3. Read autobiographies of successful people.  I did not know what I did not know.  What is amazing? What is possible in 10 years? I used to think that driving a brand new VW Golf, being a manager and earning $4,000 a month would be a stretch life achievement.  After reading autobiographies from great leaders such as Dale Carnegie, Malcom X, Nelson Mandela and Steve Jobs; I dreamt much, much bigger!

The situation for most people of color is probably worse than you had imagined.  However, this is not a reason to give up.  Some people of color are able to turn this to their advantage. At Columbia Business School, members of the black student network typically get several offers for internships, they have guests speakers such as Pepsi CEO during their conferences, and are courted by companies such as Google early in the MBA.  With more people of color joining elite networks and institutions, entire communities will be better off.  The more people of color are in position of authority, the lesser recruiting bias, the easier it will be to find mentors and the more people will be inspired to replicate the achievements of other people looking like them.


How to bridge the salary gap for women of color

Women of color earn a lot less than men and are more likely to be perceived as aggressive if they ask for what they deserve

Women of color earn substantially less than white men over the course of a 40-year career.  Based on today’s wage gapLatinas career losses mount to $1 million, and for Black women losses are $840,040.

And the situation is even worse for women of color living in certain states. Compared to the earnings of white, non-Hispanic men, the lifetime wage gap would amount to more than $1 million for Asian women in one state, for Black women in nine states, for Native women in eight states, and for Latinas in 22 states.

To make matters worse, women of color face challenges when/if they try to bridge that gap through salary negotiations.  Jacqueline Twillie says: “Cultural expressions of women of color in regards tone inflection can sometimes be perceived as aggressiveness,”.

Allow me to recap:

  • Women earn less than men
  • Women of color earn a lot less than men
  • Women of color are more likely to be perceived as aggressive if they ask for what they deserve

My opinion on how to bridge the salary gap, and in some cases reverse it

  1. Build your confidence. Do your homework.  You must know the salary range that your qualifications command.  Do not rely on a google search.  Talk to people in the industry to validate your estimated range.
  2. Focus on what you can influence. That’s my nice way to say: “haters are going to hate“.  There isn’t much you can do about it.  So go unapologetically into the salary discussion, give it your best and forget about any potential bias.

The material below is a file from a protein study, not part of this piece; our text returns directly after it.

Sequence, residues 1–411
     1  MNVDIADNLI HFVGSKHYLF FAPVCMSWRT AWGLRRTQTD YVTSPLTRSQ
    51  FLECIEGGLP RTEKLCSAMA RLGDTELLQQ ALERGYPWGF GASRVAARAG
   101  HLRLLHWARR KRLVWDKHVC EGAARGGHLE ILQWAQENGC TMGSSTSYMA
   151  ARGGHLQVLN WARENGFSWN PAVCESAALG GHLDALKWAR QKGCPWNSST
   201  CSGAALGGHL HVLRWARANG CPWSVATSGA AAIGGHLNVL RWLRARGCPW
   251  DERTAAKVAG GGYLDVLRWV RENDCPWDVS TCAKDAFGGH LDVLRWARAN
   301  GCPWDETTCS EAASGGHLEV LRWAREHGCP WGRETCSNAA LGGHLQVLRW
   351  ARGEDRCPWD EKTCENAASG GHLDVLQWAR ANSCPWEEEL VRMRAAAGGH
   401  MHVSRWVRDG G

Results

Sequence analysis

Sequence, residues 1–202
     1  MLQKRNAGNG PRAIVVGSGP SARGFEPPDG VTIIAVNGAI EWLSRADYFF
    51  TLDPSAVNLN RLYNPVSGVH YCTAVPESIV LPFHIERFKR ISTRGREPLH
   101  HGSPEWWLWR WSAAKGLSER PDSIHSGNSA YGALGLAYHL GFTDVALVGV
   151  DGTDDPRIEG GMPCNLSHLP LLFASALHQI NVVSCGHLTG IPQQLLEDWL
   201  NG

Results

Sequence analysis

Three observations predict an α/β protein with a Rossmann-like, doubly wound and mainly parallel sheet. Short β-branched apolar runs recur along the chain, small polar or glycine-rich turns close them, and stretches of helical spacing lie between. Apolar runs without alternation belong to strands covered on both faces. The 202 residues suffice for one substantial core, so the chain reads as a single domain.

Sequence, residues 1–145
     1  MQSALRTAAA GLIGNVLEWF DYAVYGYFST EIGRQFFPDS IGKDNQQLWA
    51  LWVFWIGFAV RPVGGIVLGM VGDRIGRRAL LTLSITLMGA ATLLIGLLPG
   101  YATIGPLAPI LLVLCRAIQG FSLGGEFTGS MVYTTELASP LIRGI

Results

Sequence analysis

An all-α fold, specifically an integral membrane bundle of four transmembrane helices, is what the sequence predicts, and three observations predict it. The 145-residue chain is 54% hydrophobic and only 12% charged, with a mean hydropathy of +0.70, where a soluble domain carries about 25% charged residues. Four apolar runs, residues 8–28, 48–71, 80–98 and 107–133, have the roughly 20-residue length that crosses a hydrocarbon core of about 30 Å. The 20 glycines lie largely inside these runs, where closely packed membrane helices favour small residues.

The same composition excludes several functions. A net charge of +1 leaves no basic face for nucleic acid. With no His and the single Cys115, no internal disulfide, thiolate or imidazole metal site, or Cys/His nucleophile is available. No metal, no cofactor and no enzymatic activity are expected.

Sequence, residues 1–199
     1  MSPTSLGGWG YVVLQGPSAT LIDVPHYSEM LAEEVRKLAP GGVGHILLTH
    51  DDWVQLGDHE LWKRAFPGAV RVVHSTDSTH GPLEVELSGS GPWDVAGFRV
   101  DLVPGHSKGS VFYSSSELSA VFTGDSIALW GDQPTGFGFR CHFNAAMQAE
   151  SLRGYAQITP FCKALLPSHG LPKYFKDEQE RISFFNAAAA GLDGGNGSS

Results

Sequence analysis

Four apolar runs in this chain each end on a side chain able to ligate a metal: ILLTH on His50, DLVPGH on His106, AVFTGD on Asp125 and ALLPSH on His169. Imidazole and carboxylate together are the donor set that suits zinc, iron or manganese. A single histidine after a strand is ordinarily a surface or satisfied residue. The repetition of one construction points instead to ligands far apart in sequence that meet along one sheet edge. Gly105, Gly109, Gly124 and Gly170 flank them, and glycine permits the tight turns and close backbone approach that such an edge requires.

3. Aim high and use “an iron fist in a velvet glove”.  This is a great [edited] script from Ramona Ortega:  “I’m really excited to work at X, and I know that I will bring a lot of value. I have reviewed the offer letter, however, I am shooting for X based on my five years of experience in X. Based on my conversations with peers in similar roles and market research, the salary range for this position is X. I have full confidence I will exceed expectations and look forward to discussing this further.”
  4. Practice with white men.  The challenge about culture, is that some of it is so deep in our personality that we are unaware of it.  You do not know what you do not know.  Someone with a different cultural background, preferably similar to the hiring manager.
  5. Use the situation to your advantage.  Equal pay is omnipresent in the news.  Most hiring managers have heard about it.  Some hiring managers do not want to be on the wrong side of this.  Ask for more, these hiring managers will probably accept to pay a premium.

Let’s be proactive to solve this issue.  Share your success stories or learnings from your failures in comments.  That alone will contribute to bridging the salary gap

When to ask for a raise?

1. HR is not your friend; 2. Know the rules to break the rules; 3. Every day is payday

Another post about negotiation salary? Indeed. Why? because I have more and more people asking me the question again and again. While I can not give you the silver bullet to get a 50% salary increase – although believe it or not, I have seen this happen – I can prevent you from making the most common mistakes.  In this first post of the series, I want to address a critical aspect: Timing.   When to ask for a raise? 100% guaranteed that the time is not at the end of the year during your review. But “Claude, this the time HR has set to talk about this type of topics”.  So where to start?

  1. HR is not your friend.   All HR departments represent the interest of the company. No exception. Of course, if there is an opportunity to benefit the employee and the company at the same time, HR may choose that option. But if it is between you and the company, the company wins.  With this in mind, do you believe that HR set up specific times for you to cost more money to the company?